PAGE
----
During the 1960s and well into the 1980s, concerns about the effects of pesticides and environmental contaminants dominated the food safety programs. In the late 1980s, almost all of the food safety educational programs in the USA were presented in response to consumer concerns about synthetic chemical residues in food. Despite overwhelming evidence that food handling (storage and preparation) were the most significant elements of food safety, chemical residue concerns were still number one on the publics list. Table 1 shows the food safety concerns in 1989 in relation to the documented problems and the perception of the problems. The concern was based primarily on chronic exposure to residues which might later cause cancer. All of the predictions were based on toxicological risk assessments using animal test data, and the risks were far below any which could be measured epidemiologically. The fear was fueled by special interest groups opposed to synthetic chemical use, and culminated in the Alar crises of 1989.
Table 1. U.S. Food Safety Concerns, 1989
|Documented Problems||Perceived Problems|
|Storage and preparation||Pesticide and drug residues|
|Natural toxicants||Storage and preparation|
|Pesticide and drug residues||Natural toxicants|
In 1995, most of the USA food safety education programs were focussing on microbial contamination issues related to processing, handling and storage, and chemical residues were not even mentioned at several national conferences on food safety. Indeed, Hazard Analysis Critical Control Point (HACCP) management of microbial contamination and food storage problems are the topics of the day.
In 1988, I was asked to project into the 1990s and list what I thought would be the significant food safety issues. In addition to the continuing (eternal) problems associated with handling and storage, I listed the following five areas which were of concern at that time, and which seemed destined to last; 1) pesticide and drug residues, 2) natural toxicants, 3) products of cooking and preservation, 4) diet, and 5) zoonoses. Pesticide and drug residues continue to be a major public perception issue, however they no longer dominate educational programs. Concerns about natural toxicants and products of cooking and preservation have not become major issues during the 1990s, however they continue to be the topics of research, much of it focussed on the beneficial effects of some of the natural constituents (toxicants) of foods. By diet, I mean the modification of nutrient intake to affect human health. (This is a sure bet in any case, and there are plenty of willing experimental subjects ready to follow the most recently published books on the subject. It is interesting to note that the observation that experimental animals fed diets severely restricted in calories live substantially longer than those fed ad libitum has attracted widespread interest in societies where up to 30% of the population are overweight.) The zoonotic diseases will be with us as long as we consume animal products, and the most recent concern is about the possibility that a disease suspected to be caused by a prion (bovine spongiform encephalopathy), may be zoonotic as well.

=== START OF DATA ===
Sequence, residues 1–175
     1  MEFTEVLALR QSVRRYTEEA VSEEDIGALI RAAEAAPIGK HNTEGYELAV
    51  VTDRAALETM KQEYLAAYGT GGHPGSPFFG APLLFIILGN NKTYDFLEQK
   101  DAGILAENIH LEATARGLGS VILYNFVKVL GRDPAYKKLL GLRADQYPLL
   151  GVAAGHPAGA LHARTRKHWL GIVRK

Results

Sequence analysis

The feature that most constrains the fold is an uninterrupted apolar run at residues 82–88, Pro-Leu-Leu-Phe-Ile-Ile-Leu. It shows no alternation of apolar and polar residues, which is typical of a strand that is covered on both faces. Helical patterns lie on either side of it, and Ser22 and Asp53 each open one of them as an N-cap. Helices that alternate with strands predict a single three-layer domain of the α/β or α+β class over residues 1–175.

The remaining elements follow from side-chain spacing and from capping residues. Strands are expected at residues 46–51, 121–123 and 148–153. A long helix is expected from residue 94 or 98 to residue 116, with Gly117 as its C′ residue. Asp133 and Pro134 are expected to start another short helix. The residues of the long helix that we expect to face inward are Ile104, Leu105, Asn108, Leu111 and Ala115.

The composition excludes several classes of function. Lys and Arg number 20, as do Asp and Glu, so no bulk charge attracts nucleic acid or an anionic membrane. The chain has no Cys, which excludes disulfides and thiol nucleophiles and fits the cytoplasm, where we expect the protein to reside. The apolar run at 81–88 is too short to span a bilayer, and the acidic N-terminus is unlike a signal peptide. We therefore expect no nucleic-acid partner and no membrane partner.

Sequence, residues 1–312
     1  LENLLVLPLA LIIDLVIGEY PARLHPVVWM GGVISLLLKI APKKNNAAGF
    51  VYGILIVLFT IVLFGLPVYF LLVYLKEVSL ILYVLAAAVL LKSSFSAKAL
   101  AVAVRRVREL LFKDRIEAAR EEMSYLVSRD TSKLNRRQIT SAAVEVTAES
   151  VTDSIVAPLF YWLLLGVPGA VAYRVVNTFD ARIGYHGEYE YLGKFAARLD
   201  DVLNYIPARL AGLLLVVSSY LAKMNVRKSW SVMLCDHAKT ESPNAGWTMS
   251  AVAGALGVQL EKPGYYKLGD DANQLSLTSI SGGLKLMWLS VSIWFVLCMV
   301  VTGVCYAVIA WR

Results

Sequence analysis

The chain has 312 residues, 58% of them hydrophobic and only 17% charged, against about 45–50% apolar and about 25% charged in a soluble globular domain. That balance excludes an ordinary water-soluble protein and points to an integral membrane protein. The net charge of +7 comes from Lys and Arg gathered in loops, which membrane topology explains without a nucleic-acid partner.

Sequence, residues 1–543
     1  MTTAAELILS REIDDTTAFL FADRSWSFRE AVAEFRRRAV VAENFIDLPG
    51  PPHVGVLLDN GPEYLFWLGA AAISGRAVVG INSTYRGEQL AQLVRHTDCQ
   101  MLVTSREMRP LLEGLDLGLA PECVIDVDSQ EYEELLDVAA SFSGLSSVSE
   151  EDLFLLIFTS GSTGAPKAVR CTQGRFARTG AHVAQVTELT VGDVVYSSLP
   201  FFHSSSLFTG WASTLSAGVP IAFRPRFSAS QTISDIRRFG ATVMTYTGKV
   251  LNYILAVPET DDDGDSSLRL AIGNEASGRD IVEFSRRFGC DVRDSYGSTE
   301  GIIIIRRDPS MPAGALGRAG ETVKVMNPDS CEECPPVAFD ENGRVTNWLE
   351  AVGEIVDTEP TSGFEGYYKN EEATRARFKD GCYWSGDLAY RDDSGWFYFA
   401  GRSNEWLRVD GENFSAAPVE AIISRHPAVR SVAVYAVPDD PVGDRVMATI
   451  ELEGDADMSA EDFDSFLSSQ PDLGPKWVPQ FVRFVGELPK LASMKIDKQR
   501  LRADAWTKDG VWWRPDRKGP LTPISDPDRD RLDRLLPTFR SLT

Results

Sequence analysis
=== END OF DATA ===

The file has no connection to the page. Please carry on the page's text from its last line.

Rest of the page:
One might postulate that contemporary food safety issues of concern are those which are in some way connected with the major causes of mortality at the time. Consider, for example, the top ten causes of death in the USA (Table 2) in 1900, 1970, and 1993. In 1900, communicable diseases were the primary cause of mortality. Dietary risk factors for heart disease, stroke and cancer were not known. After the advent of antimicrobial drugs, communicable diseases were replaced by heart disease, stroke and cancer in 1970, and continue to be the major causes of mortality in the US population. Diet is a factor in the top three causes of death in the US, however it is probably not the most important factor. The synthetic chemicals which helped to eliminate communicable diseases as a major cause of death are now suspected of being the cause of at least one of the top three; cancer.
Table 2. Top Ten Recorded Causes of Death in the United States
|1||Pneumonia and Flu||Heart Diseases||Heart Diseases|
|2||Tuberculosis||Malignant neoplasms||Malignant neoplasms|
|4||Heart Diseases||All accidents||Respiratory disease|
|5||Stroke||Pneumonia and Flu||All accidents|
|6||Chronic nephritis||Early infant diseases||Pneumonia and Flu|
|9||Early infant diseases||Cirrhosis||Suicide|
Current Food Safety Issues
All of the food safety issues which will be covered in this section will undoubtedly still be of concern in the 21st century, and others which cannot be foreseen will arise, most likely in one of the broad categories presented below. The focus of this discussion will be on chemical constituents, however, microbial elements must be addressed briefly because of their major importance. It is important to keep in mind that the microbial issues are principally associated with acute exposure and disease onset in which the causative agent can be found (the "smoking gun"). The chemical concerns are primarily about chronic exposure and are based on toxicological risk assessment predictions and epidemiological studies.
It is generally agreed that microbes are the cause of most foodborne illness. In 1994 the US Economic Research Service reported on the costs associated with foodborne illness in the USA. Table 3 shows the data on the estimated cases of illness for 1993.
Table 3. Estimated morbidity and mortality associated with foodborne illness in the United States, 1993
|Causative Agent (% foodborne)||Morbidity||Mortality|
|Salmonella (87-96%)||696,000 - 3,840,000||696 - 3,840|
|Campylobacter (55-70%)||1,418,494 - 1,805,356||110 - 511|
|E. coli 0157:H7 (80%)||8,000 - 16,000||160 - 400|
|Listeria monocytogenes (85-95%)||1,526 - 1,767||377 - 475|